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UK slavery museum criticised for 'dehumanising' sex trafficking exhibition

by Kieran Guilbert | KieranG77 | Thomson Reuters Foundation
Thursday, 17 December 2020 19:15 GMT

ARCHIVE PHOTO: A former Romanian sex trafficking victim walks in a shelter in Romania. Photo taken 2006. REUTERS/Bogdan Cristel

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International Slavery Museum’s partnership with Exodus Cry causes concern among anti-trafficking advocates

By Kieran Guilbert

LONDON, Dec 17 (Thomson Reuters Foundation) - Britain's International Slavery Museum is facing a backlash over a "dehumanising" exhibition on human trafficking in the porn industry, which features an image of a naked woman with tape over her mouth and abusive comments plastered on her body.

The museum in England's northern city of Liverpool has come under fire for partnering with a U.S.-based lobby group, Exodus Cry, which seeks to stop pornography and shut down commercial sex work and has been criticised for stigmatising sex workers.

tweet by the museum announcing the exhibition this week attracted dozens of critical responses, including from anti-trafficking activists and academics who said the artworks were "trauma porn" and "damaging, sensationalist and dehumanising".

"This is so problematic on so many levels," said Inga Thiemann, a law lecturer at Exeter University who teaches on modern slavery and human trafficking.

"Exodus Cry are fundamentalist and the 'artworks' are textbook examples of stereotypical, hyper-scandalised, and oversimplified anti-trafficking campaigns," she said in a tweet.

The group said in a statement this week that it was "honoured by the partnership" with the slavery museum, which opened in 2007 and focuses on the transatlantic slave trade.

Exodus Cry's chief executive, Benjamin Nolot, told the Thomson Reuters Foundation that criticism of the exhibition was "unfortunate" and "unfair", and that the word "damaging" should instead be applied to websites that profit from child porn.

Sensationalised images used to raise awareness of modern slavery can do more harm than good because they misrepresent the problem, and also risk retraumatising survivors, a 2019 study by the University of Nottingham's Rights Lab found.


Exodus Cry hit the headlines this month following a New York Times column which said Pornhub, one of the world's biggest porn websites, included child abuse videos, which led Mastercard and Visa to stop payments on the site.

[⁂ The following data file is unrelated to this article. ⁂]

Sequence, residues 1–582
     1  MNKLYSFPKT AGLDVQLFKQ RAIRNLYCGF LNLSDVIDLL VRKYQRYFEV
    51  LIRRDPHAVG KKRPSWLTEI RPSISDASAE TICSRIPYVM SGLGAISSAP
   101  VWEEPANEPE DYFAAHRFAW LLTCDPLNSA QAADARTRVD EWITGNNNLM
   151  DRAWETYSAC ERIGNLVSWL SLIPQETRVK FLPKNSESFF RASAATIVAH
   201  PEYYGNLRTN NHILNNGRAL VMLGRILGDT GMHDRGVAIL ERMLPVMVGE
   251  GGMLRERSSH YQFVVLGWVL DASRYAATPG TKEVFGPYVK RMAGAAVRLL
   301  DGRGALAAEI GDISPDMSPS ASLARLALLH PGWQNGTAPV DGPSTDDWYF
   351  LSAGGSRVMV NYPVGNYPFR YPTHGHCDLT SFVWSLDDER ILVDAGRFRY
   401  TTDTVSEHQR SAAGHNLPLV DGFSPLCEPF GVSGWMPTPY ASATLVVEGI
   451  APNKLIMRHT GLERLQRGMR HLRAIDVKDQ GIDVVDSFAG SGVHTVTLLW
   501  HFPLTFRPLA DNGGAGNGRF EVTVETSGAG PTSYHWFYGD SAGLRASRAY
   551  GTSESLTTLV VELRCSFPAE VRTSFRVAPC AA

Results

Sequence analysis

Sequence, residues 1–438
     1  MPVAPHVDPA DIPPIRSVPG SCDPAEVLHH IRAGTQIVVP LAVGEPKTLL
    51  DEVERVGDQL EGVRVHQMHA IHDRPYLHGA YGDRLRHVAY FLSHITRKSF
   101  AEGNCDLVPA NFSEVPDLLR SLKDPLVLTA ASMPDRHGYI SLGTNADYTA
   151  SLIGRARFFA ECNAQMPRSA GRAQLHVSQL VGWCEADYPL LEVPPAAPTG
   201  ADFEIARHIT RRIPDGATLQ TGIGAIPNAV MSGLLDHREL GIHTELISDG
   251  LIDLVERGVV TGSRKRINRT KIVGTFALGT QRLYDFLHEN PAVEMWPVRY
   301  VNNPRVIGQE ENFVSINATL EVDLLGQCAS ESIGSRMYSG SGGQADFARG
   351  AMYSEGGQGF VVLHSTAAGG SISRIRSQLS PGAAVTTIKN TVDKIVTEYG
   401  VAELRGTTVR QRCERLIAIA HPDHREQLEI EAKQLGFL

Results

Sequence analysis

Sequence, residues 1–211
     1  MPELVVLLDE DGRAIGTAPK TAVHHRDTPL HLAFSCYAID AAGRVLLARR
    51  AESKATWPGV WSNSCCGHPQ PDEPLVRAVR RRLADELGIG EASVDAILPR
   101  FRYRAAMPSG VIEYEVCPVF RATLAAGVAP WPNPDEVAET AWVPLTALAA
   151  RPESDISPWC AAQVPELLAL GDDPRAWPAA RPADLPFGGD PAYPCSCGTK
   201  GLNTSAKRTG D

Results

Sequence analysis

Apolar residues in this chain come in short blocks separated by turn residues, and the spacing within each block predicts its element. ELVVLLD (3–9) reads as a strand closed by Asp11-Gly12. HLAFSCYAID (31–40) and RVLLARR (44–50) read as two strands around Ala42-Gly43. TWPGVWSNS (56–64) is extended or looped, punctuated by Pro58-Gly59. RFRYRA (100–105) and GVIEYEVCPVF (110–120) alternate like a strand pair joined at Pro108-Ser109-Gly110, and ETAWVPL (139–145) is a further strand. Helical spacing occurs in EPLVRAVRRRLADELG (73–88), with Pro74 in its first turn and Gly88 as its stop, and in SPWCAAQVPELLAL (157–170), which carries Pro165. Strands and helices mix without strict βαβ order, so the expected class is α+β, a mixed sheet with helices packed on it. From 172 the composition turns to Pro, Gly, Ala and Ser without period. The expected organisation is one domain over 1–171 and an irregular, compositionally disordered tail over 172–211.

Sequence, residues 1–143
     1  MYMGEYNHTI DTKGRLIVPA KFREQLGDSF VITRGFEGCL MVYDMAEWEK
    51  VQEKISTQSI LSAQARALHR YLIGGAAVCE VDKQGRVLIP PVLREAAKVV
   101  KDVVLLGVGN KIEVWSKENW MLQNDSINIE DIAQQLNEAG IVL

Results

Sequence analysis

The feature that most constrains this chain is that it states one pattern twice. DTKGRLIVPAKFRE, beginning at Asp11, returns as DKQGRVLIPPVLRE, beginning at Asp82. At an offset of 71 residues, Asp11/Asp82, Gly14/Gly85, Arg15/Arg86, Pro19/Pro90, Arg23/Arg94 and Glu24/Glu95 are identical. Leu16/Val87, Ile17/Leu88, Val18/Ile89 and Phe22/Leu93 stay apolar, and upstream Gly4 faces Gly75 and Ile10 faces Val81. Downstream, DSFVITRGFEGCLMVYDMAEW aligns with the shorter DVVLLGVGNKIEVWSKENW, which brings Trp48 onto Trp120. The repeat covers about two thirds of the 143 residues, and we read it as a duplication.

Pornhub responded by pulling content uploaded by unverified users and in a statement said Exodus Cry was targeting it for being an adult content site, comparing the lobby group to forces that demonise sex education and LGBT+ rights.

"Exodus Cry claims to speak for 'the voiceless', and yet it refuses to listen to sex workers and trafficking victims who ... connect trafficking to their experiences of immigration laws and inequality," said Julia Laite of Birkbeck, University of London.

"Instead, Exodus Cry ... chooses to see sexual immorality as the chief source of trafficking, depicts victims as helpless, silent and passive, and advocates for more carceral approaches," added Laite, a historian of gender, sex work and migration.

The International Slavery Museum said the exhibition - which is part of Exodus Cry's Traffickinghub campaign to shut down Pornhub - was meant to record "what abolitionist efforts can look like today".

"Modern slavery is rife, and Traffickinghub is a campaign that includes survivor testimony as well as artworks produced by the public, which demonstrates their emotional reaction to the campaign," a spokesman told the Thomson Reuters Foundation.

About 4.8 million people worldwide are victims of sex trafficking, according to a 2017 estimate by the United Nations.

Related stories:

No more chains: Anti-slavery campaigns urged to stop relying on shock images

U.S. lawmakers urged to denounce QAnon child sex trafficking conspiracy

Sex trafficking rapper exits Bulgarian reality TV show after outcry

(Reporting by Kieran Guilbert, Editing by Katy Migiro. Please credit the Thomson Reuters Foundation, the charitable arm of Thomson Reuters, that covers the lives of people around the world who struggle to live freely or fairly. Visit http://news.trust.org)

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